Let
be a real Hilbert space with inner product
and norm
, respectively, let
and
be two orthogonal closed subspaces of
such that
. Let
denote the projections from
to
and from
to
, respectively. The following theorem will be employed to prove our main theorem.

Theorem 2.1 ([2]).

Let

be a real Hilbert space,

an everywhere defined functional with Gâteaux derivative

everywhere defined and hemicontinuous. Suppose that there exist two closed subspaces

and

such that

and two nonincreasing functions

satisfying

for all

, and

for all
. Then

(a)
has a unique critical point
such that
;

(b)
.

We also need the following lemma in the present work. To the best of our knowledge, the lemma seems to be new.

Lemma 2.2.

Let
and
be two diagonalization
matrices, let
and
be the eigenvalues of
and
, respectively, where each eigenvalue is repeated according to its multiplicity. If
commutes with
, that is,
, then
is a diagonalization matrix and
are the eigenvalues of
.

Proof.

Since

is a diagonalization

matrix, there exists an inverse matrix

such that

, where

are the distinct eigenvalues of

,

are the

identity matrices. And since

, that is,

Denote

, where

are the submatrices such that

and

are defined, then, by (2.5),

Noticed that

, we have

, and hence

where

and

are the same order square matrices. Since

is a diagonalization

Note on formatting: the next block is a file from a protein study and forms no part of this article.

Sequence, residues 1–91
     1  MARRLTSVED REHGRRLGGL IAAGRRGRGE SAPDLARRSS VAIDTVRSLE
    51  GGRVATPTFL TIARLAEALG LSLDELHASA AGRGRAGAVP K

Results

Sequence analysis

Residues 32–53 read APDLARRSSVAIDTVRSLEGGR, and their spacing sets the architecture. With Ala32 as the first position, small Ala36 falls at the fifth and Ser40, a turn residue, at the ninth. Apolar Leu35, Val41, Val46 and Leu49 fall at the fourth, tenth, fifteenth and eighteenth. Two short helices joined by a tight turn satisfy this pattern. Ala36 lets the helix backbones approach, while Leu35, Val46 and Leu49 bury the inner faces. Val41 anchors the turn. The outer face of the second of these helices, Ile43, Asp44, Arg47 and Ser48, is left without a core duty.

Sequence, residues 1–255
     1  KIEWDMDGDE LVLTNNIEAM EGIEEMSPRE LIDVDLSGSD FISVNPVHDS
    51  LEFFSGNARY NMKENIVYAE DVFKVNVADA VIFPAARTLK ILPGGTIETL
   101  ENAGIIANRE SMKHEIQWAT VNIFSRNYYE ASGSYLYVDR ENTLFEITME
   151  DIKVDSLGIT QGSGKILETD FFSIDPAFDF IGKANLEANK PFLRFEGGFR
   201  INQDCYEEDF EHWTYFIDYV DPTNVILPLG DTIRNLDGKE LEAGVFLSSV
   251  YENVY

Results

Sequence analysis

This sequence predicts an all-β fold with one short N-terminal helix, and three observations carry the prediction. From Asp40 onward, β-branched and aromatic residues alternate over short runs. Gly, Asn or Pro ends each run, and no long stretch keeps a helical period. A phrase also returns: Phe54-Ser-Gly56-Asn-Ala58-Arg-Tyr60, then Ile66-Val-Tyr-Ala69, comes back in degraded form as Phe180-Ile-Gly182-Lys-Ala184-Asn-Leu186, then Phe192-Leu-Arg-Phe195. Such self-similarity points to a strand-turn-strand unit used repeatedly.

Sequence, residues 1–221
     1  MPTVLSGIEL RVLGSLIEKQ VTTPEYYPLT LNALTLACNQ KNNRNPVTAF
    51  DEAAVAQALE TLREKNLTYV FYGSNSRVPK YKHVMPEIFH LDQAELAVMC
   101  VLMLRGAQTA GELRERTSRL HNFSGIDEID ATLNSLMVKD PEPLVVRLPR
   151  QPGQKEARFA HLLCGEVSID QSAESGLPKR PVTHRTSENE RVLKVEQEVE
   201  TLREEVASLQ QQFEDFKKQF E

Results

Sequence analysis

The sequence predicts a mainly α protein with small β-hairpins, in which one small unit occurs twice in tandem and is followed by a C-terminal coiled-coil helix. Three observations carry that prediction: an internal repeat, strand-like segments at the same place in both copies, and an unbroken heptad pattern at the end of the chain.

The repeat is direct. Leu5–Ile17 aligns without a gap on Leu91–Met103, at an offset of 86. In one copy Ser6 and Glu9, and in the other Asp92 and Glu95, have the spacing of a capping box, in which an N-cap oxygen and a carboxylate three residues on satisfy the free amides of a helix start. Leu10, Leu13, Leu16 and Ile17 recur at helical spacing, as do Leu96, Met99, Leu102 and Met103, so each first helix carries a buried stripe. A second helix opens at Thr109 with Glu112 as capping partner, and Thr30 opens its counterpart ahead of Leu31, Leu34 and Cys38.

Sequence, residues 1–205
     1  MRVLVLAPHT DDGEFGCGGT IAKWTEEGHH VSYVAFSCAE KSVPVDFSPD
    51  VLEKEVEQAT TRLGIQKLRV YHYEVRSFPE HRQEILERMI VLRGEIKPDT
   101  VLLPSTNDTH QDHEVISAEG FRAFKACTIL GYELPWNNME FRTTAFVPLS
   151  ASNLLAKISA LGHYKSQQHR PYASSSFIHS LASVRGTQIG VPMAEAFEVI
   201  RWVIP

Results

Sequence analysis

matrix, there exists an invertible matrix

such that

where
are the eigenvalues of
.

Let

, then

is an invertible matrix such that

and

is a diagonalization matrix and
are the eigenvalues of
.

The proof of Lemma 2.2 is fulfilled.

Let
denote the usual inner product on
and denote the corresponding norm by
, where
. Let
denote the inner product on
. It is known very well that
is a Hilbert space with inner product

and norm
, respectively.

Now, we consider the boundary value problem

where
,
is a real constant diagonalization
matrix with real eigenvalues
(each eigenvalue is repeated according to its multiplicity),
is a potential Carathéodory vector-valued function ,
is continuous,
,
,
.

Let
,
, then (2.11) may be written in the form

where
,
. Clearly,
is a potential Carathéodory vector-valued function,
. Clearly, if
is a solution of (2.12),
will be a solution of (2.11).

Assume that there exists a real bounded diagonalization
matrix
such that for a.e.
and

where
,
commutes with
and is possessed of real eigenvalues
. In the light of Lemma 2.2,
is a diagonalization
matrix with real eigenvalues
(each eigenvalue is repeated according to its multiplicity). Assume that there exist positive integers
such that for

Let
be
linearly independent eigenvectors associated with the eigenvalues
and let
be the orthonormal vectors obtained by orthonormalizing to the eigenvectors
of
. Then for every

And let the set
be a basis for the space
, then for every
,

It is well known that each
can be represented by the absolutely convergent Fourier series

Define the linear operator

Clearly,
is a selfadjoint operator and
is a Hilbert space for the inner product

and the norm induced by the inner product is

Define

Clearly,
and
are orthogonal closed subspaces of
and
.

Define two projective mappings
and
by
and
,
, then
is a selfadjoint operator.

Using the Riesz representation theorem , we can define a mapping
by

We observe that
in (2.23) is defined implicity. Let
in (2.23), we have

Clearly,
and hence
is defined implicity by (2.24). It can be proved that
is a solution of (2.11) if and only if
satisfies the operator equation